1. Fractional scaling

Well, it is still not working for any kind of development on GNOME Wayland, and there's no workaround option to offer like that of the soon to be released KDE 5.26. Why fractional scaling on Wayland matter? Because we have been using a Full HD (1080p) display on our laptop for a while now. In fact, it's rare (if there's any) to find any laptop selling today that would offer anything below 1080p. Therefore, it's not practical to use any laptop today without turning on the scaling whether you are on Windows, macOS, ChromeOS, or Linux.

Why not use fractional scaling on Xorg? Because it taxes the performance too much that enabling it wouldn't worth a huge performance trade off. And we're moving to Wayland, we need it to work on Wayland without any blurriness artifact when running XWayland apps.

Well, how many XWayland apps that we still have to deal with? A lot, especially if you are a developer of any kind. For a few examples:

Basically, none of the major development and graphic tools work properly with fractional scaling on Wayland.

Interestingly, ChromeOS has their open source implementation called Sommelier for scaling Xorg apps in Wayland without kind of any blurriness. I hope we can use Sommelier code somehow to scale XWayland apps properly on Linux. This issue is pretty much stale that mentioning any PR would be pointless at this point.

2. Thumbnails view for the file selection window

It's needless to say that this issue has been opened for 18 years! It's very hard to just upload my photo to my friends and family on GNOME desktop since I can't see the photo I want to pick in the list view. It's just as bad and as simple as that, and it makes no sense for an issue like this to stay open for 18 years.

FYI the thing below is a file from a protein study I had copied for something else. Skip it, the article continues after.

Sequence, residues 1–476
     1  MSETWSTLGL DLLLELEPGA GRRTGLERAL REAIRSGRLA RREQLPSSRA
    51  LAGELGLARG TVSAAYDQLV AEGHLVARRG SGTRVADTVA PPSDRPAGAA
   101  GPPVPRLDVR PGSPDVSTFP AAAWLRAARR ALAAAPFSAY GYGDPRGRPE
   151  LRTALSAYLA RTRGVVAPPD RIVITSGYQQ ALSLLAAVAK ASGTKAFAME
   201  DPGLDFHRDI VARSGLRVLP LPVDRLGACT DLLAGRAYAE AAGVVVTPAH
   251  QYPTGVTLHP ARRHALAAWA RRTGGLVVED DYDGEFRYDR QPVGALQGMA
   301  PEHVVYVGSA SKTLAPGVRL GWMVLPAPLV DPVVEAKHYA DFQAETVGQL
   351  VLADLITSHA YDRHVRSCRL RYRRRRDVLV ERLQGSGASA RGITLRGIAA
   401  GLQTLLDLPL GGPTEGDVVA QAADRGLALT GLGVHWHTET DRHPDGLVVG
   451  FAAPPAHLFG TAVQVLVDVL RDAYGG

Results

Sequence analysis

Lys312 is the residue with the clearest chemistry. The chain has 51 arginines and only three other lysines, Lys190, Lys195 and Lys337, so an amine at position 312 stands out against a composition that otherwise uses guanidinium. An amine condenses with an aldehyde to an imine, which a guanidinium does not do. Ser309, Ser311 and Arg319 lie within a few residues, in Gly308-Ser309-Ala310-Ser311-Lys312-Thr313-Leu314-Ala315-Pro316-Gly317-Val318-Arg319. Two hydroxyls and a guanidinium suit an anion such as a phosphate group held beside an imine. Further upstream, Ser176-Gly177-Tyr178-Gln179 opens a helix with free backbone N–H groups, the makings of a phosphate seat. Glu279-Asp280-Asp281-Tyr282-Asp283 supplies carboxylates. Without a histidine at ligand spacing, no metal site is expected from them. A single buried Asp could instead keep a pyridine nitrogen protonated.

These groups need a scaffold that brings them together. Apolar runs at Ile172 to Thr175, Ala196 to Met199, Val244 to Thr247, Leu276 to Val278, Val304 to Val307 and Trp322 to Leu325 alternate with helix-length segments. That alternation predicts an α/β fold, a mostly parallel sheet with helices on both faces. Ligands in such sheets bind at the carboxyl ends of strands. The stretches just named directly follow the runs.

And there's no extension that will save you from this issue 😱

3. The system tray's app indicators by default, not as an extension

There's an official explanation as to why they remove the system tray indicators (status icons as GNOME called it). And there's also the issue opened (now closed) regarding this issue. IMO, the removal of the system tray would make the desktop broken, unless GNOME expected everyone to use only their apps. For instance, as much as they hate the tray icon, they still make use of it with their screen recorder. But they think that the same kind of app from a third-party developer, OBS for example, should not make use of this intuitive area 😂

Fortunately, we have an extension called AppIndicator and KStatusNotifierItem Support to fix this mess. Then, what's the problem? It's not currently updated to support on GNOME 43 without disabling version validation on the installed extensions page.

The fact that we have to depend on an extension for this utterly important desktop functionality, this is bad, really bad 🤮

As a bonus...

There's still no way to adjust the mouse wheel speed in GNOME on Wayland session. You can see this issue, and this PR that's still waiting to be merged.

If the mouse is not the most used HID (human interface device) on desktop in human history 🤣

I think this's it for today. And don't forget to leave the comment down below. Bye 💨

Cover photo by Barefoot Communications on unsplash

Background photo by Mark Olsen on Unsplash

Train #3 photo by Andre Benz on Unsplash